X-ray diffractometry measurements show that, with Otay montmorillonite, which does not serve as an effective catalyst for oligomerization reactions, transition from monolayer to bilayer arrangement of the alkyl ammonium cations starts with alkyl chains that contain six carbon atoms (Table 2). The longest oligomer formed in the presence of Otay montmorillonite is a 4-mer, that is, it contains only four monomer units in its chain. With montmorillonites labeled as Volclay, Japan, and SWy-2, which catalyze the formation of oligomers 9 to 10 monomer units long, the monolayer to bilayer transition occurs with alkyl chains that contain 10 or 11 carbon atoms.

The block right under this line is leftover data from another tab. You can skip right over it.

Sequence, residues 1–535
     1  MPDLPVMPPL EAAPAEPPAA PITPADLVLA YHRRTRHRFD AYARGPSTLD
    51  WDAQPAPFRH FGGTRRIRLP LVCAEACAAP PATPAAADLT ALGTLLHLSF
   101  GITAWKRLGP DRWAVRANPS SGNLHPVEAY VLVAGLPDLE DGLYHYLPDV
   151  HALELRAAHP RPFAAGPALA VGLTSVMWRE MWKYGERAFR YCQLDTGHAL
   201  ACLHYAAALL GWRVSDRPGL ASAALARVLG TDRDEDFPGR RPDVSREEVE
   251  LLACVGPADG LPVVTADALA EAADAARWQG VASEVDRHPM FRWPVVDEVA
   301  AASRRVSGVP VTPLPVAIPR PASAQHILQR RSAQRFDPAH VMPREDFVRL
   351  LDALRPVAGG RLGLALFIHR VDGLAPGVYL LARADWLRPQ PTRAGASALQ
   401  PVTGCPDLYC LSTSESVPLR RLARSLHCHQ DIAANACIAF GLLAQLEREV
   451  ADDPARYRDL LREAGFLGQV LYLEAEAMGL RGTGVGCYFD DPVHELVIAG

Each montmorillonite is characterized by an overall charge density and charge distribution, that is, distribution of isomorphic substitutions within the layers (Emmerich et al., 2009). The charge density of Otay montmorillonite, a poor catalyst, is χ=0.37. The charge density of Vol, Japan, and SWy-2 montmorillonites is χ=0.29, and their catalytic activity is about the same or comparable (Table 3), while their charge distributions vary (Fig. 3).
NASA's Phoenix mission to Mars is equipped with the Wet Chemistry Laboratory (WCL) and the Thermal and Evolved-Gas Analyzer (TEGA) as part of the spacecraft's Microscopy, Electrochemistry, and Conductivity Analyzer (MECA), which can analyze the chemistry and mineralogy of the soil (Boynton et al., 2009; Hecht et al., 2009; Kounaves et al., 2009; Smith et al., 2009).